### Table 1. Comparison of Efficiency and Security Goals of TDH1 and some other Static Provably Secure GKE Protocols

"... In PAGE 12: ...Table1 we compare TDH1 protocol with several well-known provably secure GKE protocols in terms of their performance and security goals. Our comparison is done based on the security arguments Table 1.... ..."

### Table 1: Complexity comparison among group key agreement schemes that achieve both provable security and forward secrecy Communication Computation

"... In PAGE 3: ... As the experiment results of [2] also indicate, it is widely accepted that the number of communication rounds and the number of exchanged messages are two most important factors for efficient key agreement over a high-delay network. Table1 compares the efficiency of our scheme given in Section 5 with other provably-secure 1For example, the computation of a modular exponentiation xy mod z with |x| = |y| = |z| = 1024 takes about 9 ms using the big number library in OpenSSL on a Athlon XP 2100+ PC, whereas a 100-300 ms round-trip delay in wide area networks is common.... ..."

### Table 2: Approriate minimum round number based on provable security

2000

### Table 1. Comparison of PAKEs proven to be secure in the standard model

2002

"... In PAGE 2: ... In this paper, we propose a more efficient protocol that is also provably secure in the standard model. Comparative results with the previous schemes [7, 9] are summarized in Table1 . As shown in the table, our protocol is efficient in both the communication costs and the computation costs.... ..."

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### Table 1: Analysis of Provably Secure Group Key Exchange Protocols Protocol Model(s) Assumption(s) Corr. S/D

2006

Cited by 1

### Table 5 gives an overview of the results derived in this section. The result on the average DP (Ntot) of a characteristic through a long-key cipher is the same as the result obtained in Markov cipher theory. Markov cipher theory also works with the average DP (Ntot) of differentials over a long-key cipher, and the theory of provable security against differential attacks bounds this quantity. The 6 remaining cardinalities are not considered in Markov cipher theory, nor in the theory of provable security (except by invoking the hypothesis of stochastic equivalence). In most practical ciphers, the cardinality of characteristics and differentials depends on the value of the key. In this section, we modeled the choice of a particular value for the key as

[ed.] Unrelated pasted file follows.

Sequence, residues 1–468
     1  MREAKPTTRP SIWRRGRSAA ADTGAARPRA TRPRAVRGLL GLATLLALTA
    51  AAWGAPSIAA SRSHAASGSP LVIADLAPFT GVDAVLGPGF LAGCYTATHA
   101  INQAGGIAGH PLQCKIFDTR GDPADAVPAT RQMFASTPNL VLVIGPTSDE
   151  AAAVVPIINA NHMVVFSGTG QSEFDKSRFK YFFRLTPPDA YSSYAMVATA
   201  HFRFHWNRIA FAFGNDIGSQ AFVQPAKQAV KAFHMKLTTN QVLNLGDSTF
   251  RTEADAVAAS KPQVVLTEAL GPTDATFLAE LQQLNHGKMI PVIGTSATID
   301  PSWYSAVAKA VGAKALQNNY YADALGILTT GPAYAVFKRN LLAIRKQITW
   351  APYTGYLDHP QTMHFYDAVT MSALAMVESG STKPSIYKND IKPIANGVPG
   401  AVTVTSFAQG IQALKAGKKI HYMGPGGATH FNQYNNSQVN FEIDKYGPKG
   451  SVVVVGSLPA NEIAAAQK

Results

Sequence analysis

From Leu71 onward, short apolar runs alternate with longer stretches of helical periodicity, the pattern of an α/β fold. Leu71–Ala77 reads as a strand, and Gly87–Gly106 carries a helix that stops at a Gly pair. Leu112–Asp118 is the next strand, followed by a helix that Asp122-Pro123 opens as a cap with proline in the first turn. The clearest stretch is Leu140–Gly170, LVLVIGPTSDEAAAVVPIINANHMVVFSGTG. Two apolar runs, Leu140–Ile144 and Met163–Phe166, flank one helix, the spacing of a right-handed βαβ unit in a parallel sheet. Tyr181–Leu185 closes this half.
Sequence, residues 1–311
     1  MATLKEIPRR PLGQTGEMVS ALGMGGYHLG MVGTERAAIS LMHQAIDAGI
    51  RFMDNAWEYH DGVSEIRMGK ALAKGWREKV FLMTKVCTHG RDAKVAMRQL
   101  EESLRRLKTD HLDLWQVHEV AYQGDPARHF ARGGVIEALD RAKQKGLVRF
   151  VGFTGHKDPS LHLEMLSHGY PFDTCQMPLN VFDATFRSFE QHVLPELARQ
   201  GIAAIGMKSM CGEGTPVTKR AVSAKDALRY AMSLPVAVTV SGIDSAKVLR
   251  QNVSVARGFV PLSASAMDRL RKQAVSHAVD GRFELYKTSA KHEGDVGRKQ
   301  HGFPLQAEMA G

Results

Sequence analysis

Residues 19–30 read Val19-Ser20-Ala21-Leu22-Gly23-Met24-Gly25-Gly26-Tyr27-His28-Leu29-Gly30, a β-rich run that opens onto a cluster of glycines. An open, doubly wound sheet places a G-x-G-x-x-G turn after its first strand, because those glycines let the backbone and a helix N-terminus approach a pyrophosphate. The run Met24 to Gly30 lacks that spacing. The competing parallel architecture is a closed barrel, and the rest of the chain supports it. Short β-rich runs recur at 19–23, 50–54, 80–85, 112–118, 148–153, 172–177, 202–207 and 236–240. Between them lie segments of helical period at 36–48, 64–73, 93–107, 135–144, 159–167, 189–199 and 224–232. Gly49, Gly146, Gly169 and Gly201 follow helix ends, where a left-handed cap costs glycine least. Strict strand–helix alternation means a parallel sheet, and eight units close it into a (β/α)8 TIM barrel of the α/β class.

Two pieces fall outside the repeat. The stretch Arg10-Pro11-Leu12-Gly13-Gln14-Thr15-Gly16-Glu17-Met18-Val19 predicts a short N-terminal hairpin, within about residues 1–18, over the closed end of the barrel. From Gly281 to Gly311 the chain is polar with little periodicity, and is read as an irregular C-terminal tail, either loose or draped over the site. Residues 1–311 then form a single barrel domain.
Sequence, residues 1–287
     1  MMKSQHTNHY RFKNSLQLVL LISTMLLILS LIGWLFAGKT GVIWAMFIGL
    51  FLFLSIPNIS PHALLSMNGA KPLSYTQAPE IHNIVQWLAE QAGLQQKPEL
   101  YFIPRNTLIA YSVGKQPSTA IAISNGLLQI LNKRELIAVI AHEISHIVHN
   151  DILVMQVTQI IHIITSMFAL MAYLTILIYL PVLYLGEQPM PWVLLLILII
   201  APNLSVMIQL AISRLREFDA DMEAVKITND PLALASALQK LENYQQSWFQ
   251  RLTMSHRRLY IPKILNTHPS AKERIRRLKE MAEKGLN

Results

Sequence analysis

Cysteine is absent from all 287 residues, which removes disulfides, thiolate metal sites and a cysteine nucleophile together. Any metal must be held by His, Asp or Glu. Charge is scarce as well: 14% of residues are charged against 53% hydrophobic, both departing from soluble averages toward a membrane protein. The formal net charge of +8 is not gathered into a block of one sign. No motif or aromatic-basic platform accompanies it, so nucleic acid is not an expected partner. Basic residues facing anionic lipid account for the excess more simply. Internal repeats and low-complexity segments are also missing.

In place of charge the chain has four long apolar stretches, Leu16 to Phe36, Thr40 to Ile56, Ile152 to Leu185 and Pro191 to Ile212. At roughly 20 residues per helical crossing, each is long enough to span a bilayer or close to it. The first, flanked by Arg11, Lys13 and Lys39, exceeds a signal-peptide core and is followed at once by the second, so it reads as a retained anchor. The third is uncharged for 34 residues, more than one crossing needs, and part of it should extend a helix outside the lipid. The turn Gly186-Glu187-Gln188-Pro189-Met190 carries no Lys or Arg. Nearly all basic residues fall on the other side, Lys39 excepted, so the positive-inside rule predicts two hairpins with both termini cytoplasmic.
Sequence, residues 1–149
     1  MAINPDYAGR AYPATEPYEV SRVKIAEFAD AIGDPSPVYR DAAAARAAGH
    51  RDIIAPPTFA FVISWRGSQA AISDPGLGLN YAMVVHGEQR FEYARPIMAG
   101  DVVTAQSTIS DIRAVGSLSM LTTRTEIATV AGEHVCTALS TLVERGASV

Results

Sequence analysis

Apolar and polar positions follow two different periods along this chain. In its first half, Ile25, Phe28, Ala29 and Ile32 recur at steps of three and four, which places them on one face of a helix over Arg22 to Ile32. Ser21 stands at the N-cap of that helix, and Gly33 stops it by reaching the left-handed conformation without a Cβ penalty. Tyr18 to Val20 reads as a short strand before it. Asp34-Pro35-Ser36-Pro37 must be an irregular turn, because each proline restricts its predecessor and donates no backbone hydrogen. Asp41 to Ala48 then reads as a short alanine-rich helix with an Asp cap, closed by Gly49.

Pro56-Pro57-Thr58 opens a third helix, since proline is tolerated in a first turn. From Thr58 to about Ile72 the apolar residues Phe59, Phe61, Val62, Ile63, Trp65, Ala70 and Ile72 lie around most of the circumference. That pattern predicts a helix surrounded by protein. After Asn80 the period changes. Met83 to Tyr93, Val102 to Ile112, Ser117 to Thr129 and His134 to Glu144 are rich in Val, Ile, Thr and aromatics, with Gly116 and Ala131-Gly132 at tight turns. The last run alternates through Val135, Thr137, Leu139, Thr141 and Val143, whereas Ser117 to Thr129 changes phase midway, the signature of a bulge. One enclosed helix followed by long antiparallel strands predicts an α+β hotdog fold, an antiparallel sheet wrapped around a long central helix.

2005

"... In PAGE 24: ...Table5 : Overview of results on the cardinalities of characteristics and differentials. long-key cipher key-alternating cipher N[k](Q) Theorem 13 Theorem 13 N[k](a, b) Theorem 14 Theorem 14 Ntot(Q) Markov = Theorem 12 Theorem 15 Ntot(a, b) Markov, provable security Theorem 16 a sampling process in a population formed by the ciphers with keys consisting of independent round keys.... ..."

### Table 3. Recent results on signcryption, IBSC, and HIBSC. All notations are defined in table 1 and 2. ROM means if the reductionist security proof is in the random oracle model. [24] showed that only standard signcryption scheme of [1] and [24] achieves the strong insider security model. All existing IBSC and HIBSC schemes are provably secure in the random oracles only.

2005

Cited by 4

### Table 3. Recent results on signcryption, IBSC, and HIBSC. All notations are defined in table 1 and 2. ROM means if the reductionist security proof is in the random oracle model. [19] showed that only standard signcryption scheme of [1] and [19] achieves the strong insider security model. All existing IBSC and HIBSC schemes are provably secure in the random oracles only.

### Table 1: Attestation agreement.

2006

"... In PAGE 6: ... Attestation Agreement. An attestation channel requires the parties to agree on an attestation agreement, specified in Table1 . The agreement, which is received from upper layer (in particular, we would generate such agreement from upper layer agreement, see lines 15-20 of Figure 4) specifies identities (by address and public key), for the sender, recipient and TTP.... ..."

### Table 1: Anonymity properties provided by Crowds Attacker Sender anonymity Receiver anonymity

1999

"... In PAGE 3: ... A weaker guarantee is probable innocence: a sender is probably innocent if, from the attacker apos;s point of view, each sender appears no more likely to be the originator than to not be the originator.The anonymity properties achieved by Crowds are summarized in Table1 and brie y justi ed in the rest of this section. First, since the jondo originating the request always forwards the request to a randomly chosen member of the crowd, the end server receives each request from any member... In PAGE 4: ... The predecessor of the rst collaborator on the path obviously appears to be the most likely originator, since the collaborators know that it is on the path. However, in [RR98], we show that if the crowd has n members when the path is formed, then the probability that the collaborators are immediately preceded on the path by the request originator is at most 1 2 provided that the relationship between c, n, and pf is as shown in Table1 . For example, if the probability of forwarding is pf = 34 and the number of crowd members is at least 3(c + 1), then the seemingly most likely originator, from the collaborators apos; viewpoint, is in fact not the originator at least half the time.... ..."

Cited by 8